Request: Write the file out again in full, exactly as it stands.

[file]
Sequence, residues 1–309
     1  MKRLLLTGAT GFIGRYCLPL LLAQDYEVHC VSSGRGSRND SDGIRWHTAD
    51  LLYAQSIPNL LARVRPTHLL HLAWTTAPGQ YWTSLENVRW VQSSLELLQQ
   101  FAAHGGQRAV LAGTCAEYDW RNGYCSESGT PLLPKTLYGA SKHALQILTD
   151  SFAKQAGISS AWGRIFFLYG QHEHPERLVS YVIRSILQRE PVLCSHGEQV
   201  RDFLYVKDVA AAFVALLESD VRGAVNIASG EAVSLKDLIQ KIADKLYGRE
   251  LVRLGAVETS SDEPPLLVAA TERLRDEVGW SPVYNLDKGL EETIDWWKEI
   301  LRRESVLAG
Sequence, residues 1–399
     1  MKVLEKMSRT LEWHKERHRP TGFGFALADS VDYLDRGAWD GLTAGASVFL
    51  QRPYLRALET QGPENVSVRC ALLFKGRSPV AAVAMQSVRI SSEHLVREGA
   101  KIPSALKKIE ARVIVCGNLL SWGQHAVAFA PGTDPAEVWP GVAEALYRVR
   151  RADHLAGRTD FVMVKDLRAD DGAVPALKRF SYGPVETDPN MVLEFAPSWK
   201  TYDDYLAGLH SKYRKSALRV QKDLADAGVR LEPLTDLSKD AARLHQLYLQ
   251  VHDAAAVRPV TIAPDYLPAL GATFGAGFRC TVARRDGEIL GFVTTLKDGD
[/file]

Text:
Sequence, residues 1–309
     1  MKRLLLTGAT GFIGRYCLPL LLAQDYEVHC VSSGRGSRND SDGIRWHTAD
    51  LLYAQSIPNL LARVRPTHLL HLAWTTAPGQ YWTSLENVRW VQSSLELLQQ
   101  FAAHGGQRAV LAGTCAEYDW RNGYCSESGT PLLPKTLYGA SKHALQILTD
   151  SFAKQAGISS AWGRIFFLYG QHEHPERLVS YVIRSILQRE PVLCSHGEQV
   201  RDFLYVKDVA AAFVALLESD VRGAVNIASG EAVSLKDLIQ KIADKLYGRE
   251  LVRLGAVETS SDEPPLLVAA TERLRDEVGW SPVYNLDKGL EETIDWWKEI
   301  LRRESVLAG
Sequence, residues 1–399
     1  MKVLEKMSRT LEWHKERHRP TGFGFALADS VDYLDRGAWD GLTAGASVFL
    51  QRPYLRALET QGPENVSVRC ALLFKGRSPV AAVAMQSVRI SSEHLVREGA
   101  KIPSALKKIE ARVIVCGNLL SWGQHAVAFA PGTDPAEVWP GVAEALYRVR
   151  RADHLAGRTD FVMVKDLRAD DGAVPALKRF SYGPVETDPN MVLEFAPSWK
   201  TYDDYLAGLH SKYRKSALRV QKDLADAGVR LEPLTDLSKD AARLHQLYLQ
   251  VHDAAAVRPV TIAPDYLPAL GATFGAGFRC TVARRDGEIL GFVTTLKDGD